Trial by Fire belongs in what’s fast becoming a familiar category in cinema – a based-on-a-true-story account of a person’s lamentable dealings with the American judicial system. Inspired by David Grann’s article in the New Yorker in 2009, Edward Zwick’s movie adaptation had its premiere in May 2018 and thereafter got somewhat lost in the shuffle. Now it’s getting a second chance on Netflix, and it’ thoroughly deserves to be seen, even if the story is unremittingly bleak and feels uncomfortably similar to recent releases like Just Mercy and Clemency. The overriding message, however, is crystal clear: capital punishment is a bad idea, especially in a system where the poor and under-privileged have the odds so heavily stacked against them.
Cameron Todd Willingham (Jack O’ Connell) is a mouthy young man with a predilection for heavy metal and infidelity. He’s maintaining a stormy relationship with his wife, Stacy (Emily Meade), and struggling to care for his three young kids. He’s not particularly likeable, is constantly quarrelling with Stacy (generally over his affairs with other women), and has a history of violence. But everyone who knows him agrees on one thing: he loves his kids. When a devastating house fire takes their lives and he manages to survive the conflagration, the investigating officers have no doubt in their minds that he set the fire deliberately – and, in the absence of any proof, they’re perfectly happy to fabricate some.
So Cameron winds up on Death Row, sitting in a cell and waiting for his turn for the lethal injection…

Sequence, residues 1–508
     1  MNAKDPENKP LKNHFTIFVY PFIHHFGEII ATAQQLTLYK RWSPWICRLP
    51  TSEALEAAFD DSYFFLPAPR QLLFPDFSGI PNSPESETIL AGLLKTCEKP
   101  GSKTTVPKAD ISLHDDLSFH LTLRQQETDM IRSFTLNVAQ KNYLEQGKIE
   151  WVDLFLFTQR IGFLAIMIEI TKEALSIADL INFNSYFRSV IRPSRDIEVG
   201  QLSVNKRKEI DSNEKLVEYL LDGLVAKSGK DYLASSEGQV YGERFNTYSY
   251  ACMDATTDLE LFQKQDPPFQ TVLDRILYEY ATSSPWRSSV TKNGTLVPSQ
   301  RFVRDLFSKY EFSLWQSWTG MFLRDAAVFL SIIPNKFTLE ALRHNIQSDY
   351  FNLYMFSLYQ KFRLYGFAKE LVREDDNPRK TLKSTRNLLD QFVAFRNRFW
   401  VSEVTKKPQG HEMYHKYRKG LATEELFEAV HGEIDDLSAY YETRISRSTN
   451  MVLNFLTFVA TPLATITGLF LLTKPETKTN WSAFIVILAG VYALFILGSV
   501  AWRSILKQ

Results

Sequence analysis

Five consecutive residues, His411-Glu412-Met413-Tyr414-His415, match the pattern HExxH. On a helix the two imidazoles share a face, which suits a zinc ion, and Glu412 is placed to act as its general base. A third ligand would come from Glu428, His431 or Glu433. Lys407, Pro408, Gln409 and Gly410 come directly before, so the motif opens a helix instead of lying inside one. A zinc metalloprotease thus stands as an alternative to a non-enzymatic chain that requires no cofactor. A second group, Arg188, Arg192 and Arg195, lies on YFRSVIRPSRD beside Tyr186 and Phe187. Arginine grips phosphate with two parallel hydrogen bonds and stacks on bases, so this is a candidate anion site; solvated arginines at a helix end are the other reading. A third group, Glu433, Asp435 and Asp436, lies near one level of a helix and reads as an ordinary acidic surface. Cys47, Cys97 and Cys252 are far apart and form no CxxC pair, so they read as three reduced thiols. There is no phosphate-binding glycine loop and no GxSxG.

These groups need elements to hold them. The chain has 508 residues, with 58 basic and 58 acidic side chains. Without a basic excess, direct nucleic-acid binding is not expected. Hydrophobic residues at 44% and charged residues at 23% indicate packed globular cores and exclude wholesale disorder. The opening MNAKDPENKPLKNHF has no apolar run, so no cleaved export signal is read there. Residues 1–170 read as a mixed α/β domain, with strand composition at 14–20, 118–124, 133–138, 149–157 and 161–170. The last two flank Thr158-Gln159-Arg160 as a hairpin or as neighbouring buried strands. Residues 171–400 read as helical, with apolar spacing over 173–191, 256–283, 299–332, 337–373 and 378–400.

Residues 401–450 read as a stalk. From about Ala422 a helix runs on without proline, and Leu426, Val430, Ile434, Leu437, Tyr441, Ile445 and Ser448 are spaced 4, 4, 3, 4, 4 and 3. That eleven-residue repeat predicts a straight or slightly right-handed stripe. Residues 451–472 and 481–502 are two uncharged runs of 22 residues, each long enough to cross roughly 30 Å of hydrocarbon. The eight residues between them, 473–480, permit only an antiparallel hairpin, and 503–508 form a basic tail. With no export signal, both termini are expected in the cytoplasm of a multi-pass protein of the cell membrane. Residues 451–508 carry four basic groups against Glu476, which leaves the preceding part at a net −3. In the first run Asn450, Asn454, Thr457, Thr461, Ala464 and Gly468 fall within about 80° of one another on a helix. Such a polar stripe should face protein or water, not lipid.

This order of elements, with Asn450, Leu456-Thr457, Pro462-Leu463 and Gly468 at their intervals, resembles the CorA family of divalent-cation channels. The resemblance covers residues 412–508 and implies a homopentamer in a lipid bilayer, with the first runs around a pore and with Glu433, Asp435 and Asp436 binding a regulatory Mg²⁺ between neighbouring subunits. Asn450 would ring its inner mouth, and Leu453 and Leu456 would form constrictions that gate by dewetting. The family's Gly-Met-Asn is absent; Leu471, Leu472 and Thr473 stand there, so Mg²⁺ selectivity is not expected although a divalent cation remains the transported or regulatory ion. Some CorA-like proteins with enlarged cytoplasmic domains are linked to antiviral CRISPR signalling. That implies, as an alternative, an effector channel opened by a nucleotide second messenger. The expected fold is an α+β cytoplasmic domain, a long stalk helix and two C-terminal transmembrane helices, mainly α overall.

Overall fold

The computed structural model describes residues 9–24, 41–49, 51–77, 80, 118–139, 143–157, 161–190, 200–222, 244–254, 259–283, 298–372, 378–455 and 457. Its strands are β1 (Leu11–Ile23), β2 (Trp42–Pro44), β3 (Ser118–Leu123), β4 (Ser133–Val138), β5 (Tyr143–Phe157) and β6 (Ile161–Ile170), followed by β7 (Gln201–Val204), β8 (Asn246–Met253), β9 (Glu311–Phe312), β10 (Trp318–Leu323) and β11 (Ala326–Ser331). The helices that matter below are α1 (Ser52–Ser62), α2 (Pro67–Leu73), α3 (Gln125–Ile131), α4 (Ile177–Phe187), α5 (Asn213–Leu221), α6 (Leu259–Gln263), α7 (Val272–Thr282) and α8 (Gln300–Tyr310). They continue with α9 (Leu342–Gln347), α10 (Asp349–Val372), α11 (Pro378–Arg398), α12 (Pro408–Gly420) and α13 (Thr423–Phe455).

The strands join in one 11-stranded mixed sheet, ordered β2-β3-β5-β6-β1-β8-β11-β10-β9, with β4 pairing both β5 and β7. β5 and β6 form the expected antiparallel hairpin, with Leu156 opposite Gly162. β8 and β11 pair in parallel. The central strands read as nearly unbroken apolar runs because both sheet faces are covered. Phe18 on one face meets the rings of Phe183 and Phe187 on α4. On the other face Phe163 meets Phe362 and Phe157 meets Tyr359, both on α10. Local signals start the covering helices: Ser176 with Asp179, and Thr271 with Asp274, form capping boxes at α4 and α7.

Years drift by. Cameron mellows a little, he learns how to maintain friendships with fellow prisoners and acquires an education. A chance meeting between playwright Elizabeth Gilbert (Laura Dern) and a prison reformer affords him the first real visitor he’s had in years. Elizabeth is surprised to find him a compelling and likeable character, so she decides to visit him on a regular basis. As the two of them grow closer, she is encouraged to start looking into the flimsy case that sent him to prison in the first place. It doesn’t take her long to discover some shocking irregularities in the prosecution’s account of what went on.
But she is to discover that finding proof of a man’s innocence – and getting the powers-that-be to reopen his case – are two very different things.
In fiction, of course, this story would be depicted as a desperate race against time, with a phone call offering a pardon coming through at the last possible moment, but Geoffrey S. Fletcher’s screenplay sticks doggedly to the facts of the case. Consequently, the final stretches of this film are an angry howl of protest, a cogent plea for sanity to prevail. Sadly, it’s unlikely to change anything, but you’ll be hard-put to sit through this without feeling a mounting sense of resentment simmering within you. Both O’ Connell and Dern offer compelling performances, and Chris Coy does excellent work in the role of a prison guard, who starts off as an arrogant bully but is gradually redeemed.
But, like I said – this is grim stuff, not for the faint-hearted. On this evidence, can the USA really continue to claim that it has anything resembling a functioning system of justice?